Besides the children, it is also very rewarding to work with the volunteers. Sometimes people come work here who have a burnout or had a difficult time. You see people growing, opening up and getting more energy. If you work outside in nature and do something that has value and purpose, that’s a good driver for people to make another step in life.
So, it’s not only a sustainability project to make the city greener, but also a socially valuable project.
Yes, we try to nurture inclusivity. Therefore, we don’t work only with a vulnerable group of people, but with a very diverse group. Only then it can be inclusive. We need to connect.
If you look into the future, what are your further plans for Rotterdamse Munt?
I would like to further develop Rotterdamse Munt, make it an even more beautiful and inspirational garden. The idea is to make different theme gardens with different terraces. The last one we want to make is a tiny forest. An herb garden, a production garden with vegetables, the pavilion that we are currently developing and a little forest.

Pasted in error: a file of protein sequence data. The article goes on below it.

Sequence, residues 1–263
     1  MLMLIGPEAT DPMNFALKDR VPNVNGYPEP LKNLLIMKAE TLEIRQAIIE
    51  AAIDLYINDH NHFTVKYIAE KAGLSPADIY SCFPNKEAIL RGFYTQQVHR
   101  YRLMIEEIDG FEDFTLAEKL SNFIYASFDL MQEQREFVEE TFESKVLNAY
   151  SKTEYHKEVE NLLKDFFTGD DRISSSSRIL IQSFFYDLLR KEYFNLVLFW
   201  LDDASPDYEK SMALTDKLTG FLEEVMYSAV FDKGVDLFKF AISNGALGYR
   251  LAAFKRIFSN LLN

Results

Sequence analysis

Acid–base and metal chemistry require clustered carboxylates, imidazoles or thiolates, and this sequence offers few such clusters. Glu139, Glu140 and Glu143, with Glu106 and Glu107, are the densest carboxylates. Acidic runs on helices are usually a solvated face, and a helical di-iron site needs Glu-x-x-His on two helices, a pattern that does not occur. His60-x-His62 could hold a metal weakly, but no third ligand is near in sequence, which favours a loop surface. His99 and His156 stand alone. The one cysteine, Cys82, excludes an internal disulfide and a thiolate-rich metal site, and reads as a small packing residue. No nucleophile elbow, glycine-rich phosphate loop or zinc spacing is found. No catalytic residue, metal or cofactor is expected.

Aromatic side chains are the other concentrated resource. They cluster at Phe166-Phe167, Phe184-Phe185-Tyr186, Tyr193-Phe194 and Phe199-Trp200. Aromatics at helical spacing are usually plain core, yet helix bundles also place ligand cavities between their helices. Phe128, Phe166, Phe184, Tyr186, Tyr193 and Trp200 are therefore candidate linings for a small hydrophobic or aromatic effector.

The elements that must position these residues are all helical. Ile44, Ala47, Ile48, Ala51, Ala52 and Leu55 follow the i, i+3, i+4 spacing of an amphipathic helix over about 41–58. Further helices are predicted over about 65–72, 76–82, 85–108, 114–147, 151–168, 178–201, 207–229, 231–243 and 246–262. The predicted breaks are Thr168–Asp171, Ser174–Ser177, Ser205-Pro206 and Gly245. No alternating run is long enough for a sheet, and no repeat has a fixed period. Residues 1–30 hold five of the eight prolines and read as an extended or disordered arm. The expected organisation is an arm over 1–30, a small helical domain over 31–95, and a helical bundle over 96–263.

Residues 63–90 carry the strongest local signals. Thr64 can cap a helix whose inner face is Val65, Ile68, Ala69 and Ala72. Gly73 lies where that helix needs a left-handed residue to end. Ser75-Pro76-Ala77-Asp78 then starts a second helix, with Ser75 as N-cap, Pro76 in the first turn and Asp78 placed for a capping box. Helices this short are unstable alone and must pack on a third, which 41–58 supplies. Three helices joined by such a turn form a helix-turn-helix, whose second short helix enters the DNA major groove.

What can the community support you with?
If all your followers would become ambassadors for a greener city, that would be great. My main question then would be, what we can offer to help them understand what that means. Sometimes it’s difficult for people to understand what the impact of your own actions are, and what impact you can have if you choose differently. That requires a lot of awareness and knowledge. A few weeks ago, we had a workshop here about making your own rainwater basin which you can use for your garden or toilet. One participant asked: ‘Drinking water is very cheap, so why would I do it?’ If your only motivation is cost reduction, then it might indeed not be interesting. We need more people educating on the bigger picture.
So, I would be really curious what people would be interested to learn. We can organize workshops targeted to very specific topics, such as planting plans, compositing, worm or bee hotels. Just tell me what you’d need to grow your green talent!